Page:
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PLoS One. 2016 May 4;11(5):e0154884. doi: 10.1371/journal.pone.0154884. eCollection 2016.

Functional Study of Ectodysplasin-A Mutations Causing Non-Syndromic Tooth Agenesis.

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Department of Prosthodontics, Peking University School and Hospital of Stomatology, Beijing, 100081, China.
Department of Forensic Medicine, Hebei Medical University, Hebei, 050017, China.
Department of Prosthodontics, School and Hospital of Stomatology of Hebei Medical University, Hebei, 050017, China.
Department of Medical Genetics, School of Basic Medical Sciences, Peking University, Beijing, 100191, China.
Human Disease Genomics Center, Peking University, Beijing, 100191, China.
Center for Craniofacial Molecular Biology, University of Southern California, Los Angeles, California, 90033, United States of America.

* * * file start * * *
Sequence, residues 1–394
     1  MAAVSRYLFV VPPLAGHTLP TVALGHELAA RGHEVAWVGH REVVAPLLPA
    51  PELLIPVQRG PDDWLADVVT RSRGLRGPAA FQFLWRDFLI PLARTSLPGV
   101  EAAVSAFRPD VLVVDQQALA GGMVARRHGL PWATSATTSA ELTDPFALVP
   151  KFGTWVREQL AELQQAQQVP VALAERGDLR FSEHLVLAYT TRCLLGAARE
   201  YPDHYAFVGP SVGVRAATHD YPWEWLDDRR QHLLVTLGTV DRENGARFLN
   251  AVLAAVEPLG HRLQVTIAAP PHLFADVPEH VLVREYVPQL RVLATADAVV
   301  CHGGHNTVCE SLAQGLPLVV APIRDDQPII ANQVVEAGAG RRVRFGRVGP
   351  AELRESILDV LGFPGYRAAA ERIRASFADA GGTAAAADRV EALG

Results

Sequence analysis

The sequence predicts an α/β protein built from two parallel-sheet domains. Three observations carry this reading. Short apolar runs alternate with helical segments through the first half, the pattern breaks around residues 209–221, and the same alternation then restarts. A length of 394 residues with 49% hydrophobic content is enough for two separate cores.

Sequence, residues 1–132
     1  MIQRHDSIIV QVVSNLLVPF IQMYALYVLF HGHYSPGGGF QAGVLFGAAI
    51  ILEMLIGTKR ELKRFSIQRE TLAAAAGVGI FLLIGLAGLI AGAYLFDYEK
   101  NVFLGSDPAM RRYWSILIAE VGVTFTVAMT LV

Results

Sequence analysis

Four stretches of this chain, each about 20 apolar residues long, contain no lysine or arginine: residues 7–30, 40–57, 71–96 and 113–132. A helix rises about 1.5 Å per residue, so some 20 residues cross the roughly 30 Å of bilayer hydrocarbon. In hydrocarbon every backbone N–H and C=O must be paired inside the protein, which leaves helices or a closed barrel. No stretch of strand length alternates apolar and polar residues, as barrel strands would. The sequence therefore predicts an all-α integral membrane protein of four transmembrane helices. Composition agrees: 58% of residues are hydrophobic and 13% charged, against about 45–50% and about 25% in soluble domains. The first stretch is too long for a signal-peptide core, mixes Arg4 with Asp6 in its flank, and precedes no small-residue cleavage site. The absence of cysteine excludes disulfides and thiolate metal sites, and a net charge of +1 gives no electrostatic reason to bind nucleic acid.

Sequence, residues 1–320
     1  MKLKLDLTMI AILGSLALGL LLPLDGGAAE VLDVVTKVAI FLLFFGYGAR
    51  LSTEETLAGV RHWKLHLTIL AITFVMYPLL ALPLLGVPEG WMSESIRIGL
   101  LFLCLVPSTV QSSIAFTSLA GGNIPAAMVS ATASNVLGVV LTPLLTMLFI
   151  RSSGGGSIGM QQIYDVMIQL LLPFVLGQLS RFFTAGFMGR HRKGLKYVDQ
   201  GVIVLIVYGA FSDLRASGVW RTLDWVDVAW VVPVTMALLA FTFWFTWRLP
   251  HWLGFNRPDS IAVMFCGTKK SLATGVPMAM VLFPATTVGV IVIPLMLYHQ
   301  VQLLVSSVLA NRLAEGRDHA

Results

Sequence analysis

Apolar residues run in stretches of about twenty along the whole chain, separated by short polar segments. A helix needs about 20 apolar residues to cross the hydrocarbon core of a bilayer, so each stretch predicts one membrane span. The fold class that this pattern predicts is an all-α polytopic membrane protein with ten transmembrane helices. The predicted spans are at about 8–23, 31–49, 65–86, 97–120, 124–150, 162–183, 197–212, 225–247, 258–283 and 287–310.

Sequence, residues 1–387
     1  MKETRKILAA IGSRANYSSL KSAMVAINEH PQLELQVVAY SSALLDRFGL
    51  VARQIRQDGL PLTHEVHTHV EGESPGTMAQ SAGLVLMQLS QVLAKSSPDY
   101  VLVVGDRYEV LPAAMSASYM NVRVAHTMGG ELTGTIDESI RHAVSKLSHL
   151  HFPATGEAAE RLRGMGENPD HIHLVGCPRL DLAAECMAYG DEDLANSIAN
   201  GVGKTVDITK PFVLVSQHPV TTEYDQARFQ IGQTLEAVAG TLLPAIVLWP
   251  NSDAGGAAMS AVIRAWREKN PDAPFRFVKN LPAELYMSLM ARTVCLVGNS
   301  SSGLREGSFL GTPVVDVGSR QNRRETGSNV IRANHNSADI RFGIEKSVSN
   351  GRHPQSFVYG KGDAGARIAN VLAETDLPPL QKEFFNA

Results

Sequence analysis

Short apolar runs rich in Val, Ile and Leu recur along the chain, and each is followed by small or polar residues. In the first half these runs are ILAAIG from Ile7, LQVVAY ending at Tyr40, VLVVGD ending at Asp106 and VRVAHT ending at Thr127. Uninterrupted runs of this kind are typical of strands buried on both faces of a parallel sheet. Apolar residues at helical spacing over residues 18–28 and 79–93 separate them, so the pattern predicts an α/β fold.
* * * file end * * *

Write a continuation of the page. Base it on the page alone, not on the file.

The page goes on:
Recent studies have demonstrated that ectodysplasin-A (EDA) mutations are associated with non-syndromic tooth agenesis. Indeed, we were the first to report three novel EDA mutations (A259E, R289C and R334H) in sporadic non-syndromic tooth agenesis. We studied the mechanism linking EDA mutations and non-syndromic tooth agenesis in human embryonic kidney 293T cells and mouse ameloblast-derived LS8 cells transfected with mutant isoforms of EDA. The receptor binding capability of the mutant EDA1 protein was impaired in comparison to wild-type EDA1. Although the non-syndromic tooth agenesis-causing EDA1 mutants possessed residual binding capability, the transcriptional activation of the receptor's downstream target, nuclear factor κB (NF-κB), was compromised. We also analyzed the changes of selected genes in other signaling pathways, such as WNT and BMP, after EDA mutation. We found that non-syndromic tooth agenesis-causing EDA1 mutant proteins upregulate BMP4 (bone morphogenetic protein 4) mRNA expression and downregulate WNT10A and WNT10B (wingless-type MMTV integration site family member 10A and 10B) mRNA expression. Our results indicated that non-syndromic tooth agenesis causing EDA mutations (A259E, R289C and R334H) were loss-of-function, and suggested that EDA may regulate the expression of WNT10A, WNT10B and BMP4 via NF-κB during tooth development. The results from our study may help to understand the molecular mechanism linking specific EDA mutations with non-syndromic tooth agenesis.

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